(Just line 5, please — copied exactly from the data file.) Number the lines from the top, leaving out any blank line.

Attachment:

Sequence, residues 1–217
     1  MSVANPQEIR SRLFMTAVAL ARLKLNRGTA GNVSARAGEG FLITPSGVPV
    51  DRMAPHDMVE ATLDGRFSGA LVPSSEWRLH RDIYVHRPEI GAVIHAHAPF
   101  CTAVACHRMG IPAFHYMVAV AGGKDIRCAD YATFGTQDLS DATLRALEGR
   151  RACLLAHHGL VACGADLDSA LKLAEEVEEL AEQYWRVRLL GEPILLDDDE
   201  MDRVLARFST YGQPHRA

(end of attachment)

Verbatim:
   151  RACLLAHHGL VACGADLDSA LKLAEEVEEL AEQYWRVRLL GEPILLDDDE